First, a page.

August women’s month has come and gone, yet many thoughts continue to reel through my mind. This is a dedicated time devoted to celebrating women in South Africa and our milestone achievements. As always, the month indeed proved to be the busiest time for me, working within the women rights sector.
This is the month when we get more than 20 media calls per day to comment on women’s rights or rape stories, our opinion on the Sowetan newspaper video story of the police officer and correctional services officer duped ‘sex scandal’ or, whether Julius Malema had finally paid the R50 000 fine he was ordered to pay through the Equality Court judgment. Then there is the endless list of requests for workshops, awareness campaigns, motivational talks, invites to gala dinners and various presentations. It is this women’s gathering here and that commemoration event there, no one wants to be left out. The hype is all over, it is amazing!
You would think we are a nation collectively concerned and much appreciative of the relentless roles women and girls in this county. How delusional! I have been in this sector long enough to begin to wonder if all of us are as genuine and sincere as we want to appear during this time. Could it be that the passion and zeal often paraded during Women’s Month is all but a show to ‘look good’ and appear ‘relevant’ to the times’? I wonder.
I am confused and disappointed about the public discourse and happenings in this special August month for women. Much as I had looked forward to working tirelessly as has always been the norm in my organisation over the previous years, nothing ever prepares me enough for the same disappointment I continually face during this time. Let us start with the media. I strongly believe that the media plays a critical role in shaping and influencing public opinion, a role that cannot be taken lightly, yet the media continues to disappoint us. Consider the ‘Sowetan ‘Sex Scandal’ video story. True to all our amazement, the ‘alleged’ sexual video was recorded in June this year, yet the ‘juicy’ story was only left to hit the headlines right at the beginning of August – Women’s Month.
What a coincidence! Could it be that the ‘scoop’ was conveniently stored away to await the ‘right time’ or was it just pure coincidence? In my opinion, there was nothing newsworthy about that story. Not to mention the glaring stereotypical lack of gender analysis in the story. The hypocrisy of our media!
And then there is the issue of Julius Malema and the R50 000. An Equality Court judgment stemming out of an accusation of hate speech ordered Malema to pay the said amount to a women rights organisation, People Opposing Women Abuse (POWA). A day before the money was to be paid, POWA was bombarded by numerous calls from the media, not so much about the meaning and implications of the court judgment per se, but rather questions ranged from whether Malema had finally paid the money and how we were planning to use the money. As I recall one journalist asking, “Now that you have the money, is women abuse going to stop in South Africa?” Surely there was much more to be learnt from the court judgment as a whole, yet that was probably not ‘newsworthy’ enough to make for a credible story to our media partners, how sad.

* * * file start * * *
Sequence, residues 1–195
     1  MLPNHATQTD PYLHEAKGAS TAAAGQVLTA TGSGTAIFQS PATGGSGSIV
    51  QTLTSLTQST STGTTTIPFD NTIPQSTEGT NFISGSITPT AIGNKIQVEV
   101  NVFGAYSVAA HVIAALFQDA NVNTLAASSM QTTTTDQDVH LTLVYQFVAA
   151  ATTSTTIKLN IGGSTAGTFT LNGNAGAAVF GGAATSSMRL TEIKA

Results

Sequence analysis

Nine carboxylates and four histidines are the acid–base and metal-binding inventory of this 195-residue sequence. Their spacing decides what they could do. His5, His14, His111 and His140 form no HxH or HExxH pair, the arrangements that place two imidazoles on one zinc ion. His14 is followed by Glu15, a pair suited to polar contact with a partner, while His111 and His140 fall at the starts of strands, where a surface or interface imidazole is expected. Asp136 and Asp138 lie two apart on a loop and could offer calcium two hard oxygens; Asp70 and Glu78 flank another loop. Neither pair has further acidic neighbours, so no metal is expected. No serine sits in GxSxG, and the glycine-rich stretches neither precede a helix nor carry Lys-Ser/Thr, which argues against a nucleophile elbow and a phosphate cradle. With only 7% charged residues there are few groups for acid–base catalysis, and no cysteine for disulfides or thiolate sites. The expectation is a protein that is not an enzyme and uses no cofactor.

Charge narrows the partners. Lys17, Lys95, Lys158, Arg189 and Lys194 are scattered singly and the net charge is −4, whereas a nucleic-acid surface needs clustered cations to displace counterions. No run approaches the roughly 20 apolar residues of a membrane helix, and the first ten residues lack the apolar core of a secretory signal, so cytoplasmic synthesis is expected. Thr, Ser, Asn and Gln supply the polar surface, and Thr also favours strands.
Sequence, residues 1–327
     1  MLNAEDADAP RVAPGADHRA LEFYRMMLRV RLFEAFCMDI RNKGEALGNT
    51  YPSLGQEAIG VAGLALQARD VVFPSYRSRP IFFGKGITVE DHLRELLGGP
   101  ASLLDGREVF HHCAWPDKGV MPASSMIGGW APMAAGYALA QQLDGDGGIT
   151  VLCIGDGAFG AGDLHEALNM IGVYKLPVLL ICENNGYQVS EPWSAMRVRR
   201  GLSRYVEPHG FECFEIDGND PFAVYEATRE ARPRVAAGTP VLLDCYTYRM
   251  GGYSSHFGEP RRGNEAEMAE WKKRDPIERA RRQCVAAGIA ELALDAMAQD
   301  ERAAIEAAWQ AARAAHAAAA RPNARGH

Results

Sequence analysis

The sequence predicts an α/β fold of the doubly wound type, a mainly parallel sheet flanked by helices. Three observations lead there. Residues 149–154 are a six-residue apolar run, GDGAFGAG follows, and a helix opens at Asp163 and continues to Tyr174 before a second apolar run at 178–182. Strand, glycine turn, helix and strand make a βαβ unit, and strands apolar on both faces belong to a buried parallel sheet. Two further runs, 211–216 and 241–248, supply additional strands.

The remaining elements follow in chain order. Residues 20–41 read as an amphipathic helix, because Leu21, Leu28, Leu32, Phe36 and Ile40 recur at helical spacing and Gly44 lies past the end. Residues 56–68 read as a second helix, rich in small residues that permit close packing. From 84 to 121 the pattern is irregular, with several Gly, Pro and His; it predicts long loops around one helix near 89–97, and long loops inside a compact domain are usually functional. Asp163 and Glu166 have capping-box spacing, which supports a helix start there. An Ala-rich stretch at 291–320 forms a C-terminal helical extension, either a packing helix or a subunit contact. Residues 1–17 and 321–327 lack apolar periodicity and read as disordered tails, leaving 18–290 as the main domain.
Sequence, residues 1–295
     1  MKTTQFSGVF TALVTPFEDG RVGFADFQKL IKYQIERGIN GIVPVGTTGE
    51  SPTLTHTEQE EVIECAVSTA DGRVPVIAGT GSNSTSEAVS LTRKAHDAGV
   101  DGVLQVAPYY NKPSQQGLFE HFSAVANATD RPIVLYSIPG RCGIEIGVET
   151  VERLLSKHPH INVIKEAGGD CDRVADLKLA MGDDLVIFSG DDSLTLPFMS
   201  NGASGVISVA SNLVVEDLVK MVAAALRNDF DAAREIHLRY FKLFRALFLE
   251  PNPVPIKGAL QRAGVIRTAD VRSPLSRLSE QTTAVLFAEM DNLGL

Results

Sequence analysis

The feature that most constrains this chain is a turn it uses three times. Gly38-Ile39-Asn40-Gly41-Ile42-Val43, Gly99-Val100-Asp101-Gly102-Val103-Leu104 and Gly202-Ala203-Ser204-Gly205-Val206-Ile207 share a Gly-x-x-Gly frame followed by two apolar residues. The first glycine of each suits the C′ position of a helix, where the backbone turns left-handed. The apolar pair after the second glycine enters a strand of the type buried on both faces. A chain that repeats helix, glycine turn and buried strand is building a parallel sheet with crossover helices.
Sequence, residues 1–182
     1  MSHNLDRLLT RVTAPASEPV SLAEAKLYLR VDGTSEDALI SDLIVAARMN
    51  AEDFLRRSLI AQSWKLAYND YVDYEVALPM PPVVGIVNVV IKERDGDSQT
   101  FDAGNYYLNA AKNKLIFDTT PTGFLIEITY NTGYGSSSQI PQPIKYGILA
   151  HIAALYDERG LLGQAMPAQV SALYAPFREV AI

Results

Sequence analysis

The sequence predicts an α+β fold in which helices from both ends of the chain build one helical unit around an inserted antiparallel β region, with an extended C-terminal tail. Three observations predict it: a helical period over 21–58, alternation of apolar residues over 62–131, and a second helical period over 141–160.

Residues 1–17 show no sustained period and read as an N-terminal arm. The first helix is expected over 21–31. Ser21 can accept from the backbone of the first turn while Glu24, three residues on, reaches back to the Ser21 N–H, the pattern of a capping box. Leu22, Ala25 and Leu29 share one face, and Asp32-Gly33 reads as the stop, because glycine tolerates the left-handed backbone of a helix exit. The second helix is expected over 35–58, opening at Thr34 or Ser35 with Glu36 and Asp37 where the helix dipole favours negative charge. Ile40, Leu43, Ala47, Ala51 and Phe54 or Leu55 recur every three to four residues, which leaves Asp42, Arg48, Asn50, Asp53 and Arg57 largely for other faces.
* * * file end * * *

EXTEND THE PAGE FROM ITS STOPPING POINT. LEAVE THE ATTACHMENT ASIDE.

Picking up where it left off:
Equally puzzling is the reluctance displayed by most corporate organisations to build on, or continue partnerships with women rights organisations beyond Women’s Month. We are only as relevant to them in as far as August month and 16 Days of Activism are concerned. We continue to face a passive response to our requests for much needed funding to continue the work that we do throughout the year - right from trying to request for support to cover costs of a staff member whom they have requested to do a presentation or to make a simple donation to one of our shelters. This always seems like too much to ask.
Moreover, very few of these organisations are ever willing to initiate in-house gender-related programmes that seek to advance women’s rights from within.
One then begins to question the sincerity in all this? Is this all about just attempting to fulfill what seems to be an obligation during Women’s Month? Or do we as women’s rights organisations still have so much work to do in terms of raising awareness on the need for all of us to play our part in the fight towards the true achievement of women’s rights?
I remain with questions: Is the media and corporate sector merely cashing in on the hype of Women’s Month to make huge profits or are they sincerely driven by the desire to transform and change societal perceptions for the better? And then again, are we as civil society organisations taking the responsibility to pro-actively influence what goes on in the media, and what information we share during the presentations we are called on to do? We know they need us, and will call on us during such times, but then how do we ensure that our input and comments influence towards the positive and progressive society that we seek?
I believe only then, can we as a nation come to a point where we truly celebrate Women’s Month for its intended noble purpose. That is to celebrate and honour women, our good deeds, humility, success and the great lives we lead. Perhaps next year’s August month will tell a different story. May I live to see that day.
- Nonhlanhla Sibanda is projects coordinator at People Opposing Women Abuse.
- Picture courtesy of Women’sNet.